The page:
Epigenetics of RSV infection and allergic diseases
Collaboration Partners: Prof. Louis Bont (UMC Utrecht, Netherlands) and Prof. Gerard Koppelman (UMC Groningen, Netherlands)
Epigenetic signatures may provide insights into mechanisms of allergic disease and infection. Recently, our large epigenetics cohort’s study shows the link between asthma inceptions and early life antiviral immunity. Respiratory Syncytial Virus (RSV) infection in early life is associated with an increased prevalence of early childhood wheezing and may also affect long-term asthma and allergy development. How RSV infection in infancy, when the immune system is immature, would have a long-term effect on the host immune system and how this would relate to the development of asthma and allergic diseases remains unknown. We hypothesized that RSV infection in early life causes changes in DNA methylation in the nasal airway epithelium during childhood. To test this hypothesis, we investigated the randomized clinical trial MAKI to find the direct link between RSV prophylaxis during infancy and DNA methylation changes in the nasal epithelium at age 6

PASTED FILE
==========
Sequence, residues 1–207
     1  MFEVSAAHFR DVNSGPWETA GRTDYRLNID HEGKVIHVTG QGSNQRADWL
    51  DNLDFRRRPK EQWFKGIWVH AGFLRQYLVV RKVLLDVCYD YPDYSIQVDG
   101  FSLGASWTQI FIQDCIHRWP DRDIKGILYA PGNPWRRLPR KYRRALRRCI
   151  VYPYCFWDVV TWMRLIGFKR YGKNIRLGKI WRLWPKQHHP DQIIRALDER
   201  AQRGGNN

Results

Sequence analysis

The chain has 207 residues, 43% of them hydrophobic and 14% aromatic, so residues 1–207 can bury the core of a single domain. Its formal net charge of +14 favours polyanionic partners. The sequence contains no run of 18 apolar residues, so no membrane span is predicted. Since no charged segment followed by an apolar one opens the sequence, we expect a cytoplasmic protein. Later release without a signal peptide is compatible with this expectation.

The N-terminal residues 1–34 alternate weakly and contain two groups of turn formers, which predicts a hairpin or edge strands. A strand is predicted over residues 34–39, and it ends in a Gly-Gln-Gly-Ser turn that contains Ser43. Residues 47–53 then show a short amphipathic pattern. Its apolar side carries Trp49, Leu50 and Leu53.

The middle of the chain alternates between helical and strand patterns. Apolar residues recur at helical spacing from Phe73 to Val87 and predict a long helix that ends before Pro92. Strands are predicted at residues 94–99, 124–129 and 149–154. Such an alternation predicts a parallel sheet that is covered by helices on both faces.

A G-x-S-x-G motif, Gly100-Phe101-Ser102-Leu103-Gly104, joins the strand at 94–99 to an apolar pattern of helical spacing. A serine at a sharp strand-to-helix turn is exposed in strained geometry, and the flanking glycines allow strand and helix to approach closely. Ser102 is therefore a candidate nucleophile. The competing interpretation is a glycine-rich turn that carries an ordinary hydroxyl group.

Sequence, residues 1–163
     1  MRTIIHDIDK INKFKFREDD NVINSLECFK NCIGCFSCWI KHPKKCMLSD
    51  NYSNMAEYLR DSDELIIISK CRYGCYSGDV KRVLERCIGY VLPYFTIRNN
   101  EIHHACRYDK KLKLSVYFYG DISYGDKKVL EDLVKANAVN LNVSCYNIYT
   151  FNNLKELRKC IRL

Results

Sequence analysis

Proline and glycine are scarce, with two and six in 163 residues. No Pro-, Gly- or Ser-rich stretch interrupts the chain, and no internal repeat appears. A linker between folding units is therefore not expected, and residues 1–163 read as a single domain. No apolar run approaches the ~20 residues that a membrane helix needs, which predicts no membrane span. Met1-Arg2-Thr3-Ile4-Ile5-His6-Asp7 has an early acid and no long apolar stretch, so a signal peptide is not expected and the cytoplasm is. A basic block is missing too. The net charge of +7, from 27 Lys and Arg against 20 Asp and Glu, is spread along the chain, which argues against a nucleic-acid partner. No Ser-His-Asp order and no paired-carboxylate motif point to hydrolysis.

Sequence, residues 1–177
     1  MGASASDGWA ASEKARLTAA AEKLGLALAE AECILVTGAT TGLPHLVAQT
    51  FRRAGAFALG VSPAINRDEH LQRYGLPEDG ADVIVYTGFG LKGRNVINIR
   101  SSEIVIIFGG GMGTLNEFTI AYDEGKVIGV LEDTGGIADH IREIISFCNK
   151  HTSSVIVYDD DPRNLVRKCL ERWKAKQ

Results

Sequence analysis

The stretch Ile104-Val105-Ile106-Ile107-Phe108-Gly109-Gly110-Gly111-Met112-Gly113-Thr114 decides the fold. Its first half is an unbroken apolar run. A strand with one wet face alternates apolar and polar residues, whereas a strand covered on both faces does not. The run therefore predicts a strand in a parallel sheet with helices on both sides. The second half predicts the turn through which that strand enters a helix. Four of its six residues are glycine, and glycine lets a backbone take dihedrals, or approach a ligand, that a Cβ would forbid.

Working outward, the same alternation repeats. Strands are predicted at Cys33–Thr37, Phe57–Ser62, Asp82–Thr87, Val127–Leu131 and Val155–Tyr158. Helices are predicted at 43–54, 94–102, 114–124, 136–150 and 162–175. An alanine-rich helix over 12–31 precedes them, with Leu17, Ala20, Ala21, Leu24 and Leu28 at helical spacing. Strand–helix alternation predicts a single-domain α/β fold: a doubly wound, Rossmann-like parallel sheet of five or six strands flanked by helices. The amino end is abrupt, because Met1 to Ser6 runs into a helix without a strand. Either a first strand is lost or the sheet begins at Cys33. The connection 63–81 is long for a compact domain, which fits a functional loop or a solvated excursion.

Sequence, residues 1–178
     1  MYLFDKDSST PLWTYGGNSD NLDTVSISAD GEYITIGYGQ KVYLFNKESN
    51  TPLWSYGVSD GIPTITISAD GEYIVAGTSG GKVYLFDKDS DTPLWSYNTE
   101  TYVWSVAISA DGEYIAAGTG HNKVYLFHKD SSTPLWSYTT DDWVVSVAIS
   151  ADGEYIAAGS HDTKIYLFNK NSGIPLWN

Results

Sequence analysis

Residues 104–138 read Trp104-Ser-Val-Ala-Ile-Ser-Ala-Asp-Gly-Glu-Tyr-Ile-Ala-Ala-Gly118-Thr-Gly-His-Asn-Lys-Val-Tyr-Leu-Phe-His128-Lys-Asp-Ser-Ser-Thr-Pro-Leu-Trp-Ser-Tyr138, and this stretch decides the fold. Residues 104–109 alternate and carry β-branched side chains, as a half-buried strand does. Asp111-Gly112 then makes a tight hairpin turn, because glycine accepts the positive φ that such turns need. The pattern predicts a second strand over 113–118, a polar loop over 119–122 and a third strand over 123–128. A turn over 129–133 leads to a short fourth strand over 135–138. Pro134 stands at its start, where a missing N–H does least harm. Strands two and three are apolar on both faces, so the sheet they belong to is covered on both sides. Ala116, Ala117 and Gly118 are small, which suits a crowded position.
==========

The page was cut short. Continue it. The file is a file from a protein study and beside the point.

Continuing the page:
Allergy risk prediction through deep learning of cross-omics
Collaboration Partners: Prof. Gerard Koppelman (UMC Groningen, Netherlands) and Dr. Marnix Bügel (Micompany, Netherlands)
Although many genes and environmental factors have been identified to associate with allergy risk, it is not yet possible to cure allergy diseases. In this project, the team uses an enormous growing amount of cross-omics data (genomics, epigenomics and transcriptomics etc) and latest artificial intelligence (AI) techniques to predict the risk of disease, such as allergy. By integrating cross-omics data, using a Bayesian causal inference method, a more comprehensive network can be constructed to paint a more complete picture of the molecular process underlying the physiological state. The prediction model from AI makes it easier to identify the most important factors that contribute to allergy. It can also lead to the development of new clinical applications to diagnose high-risk patients, a key step for personalized medicine.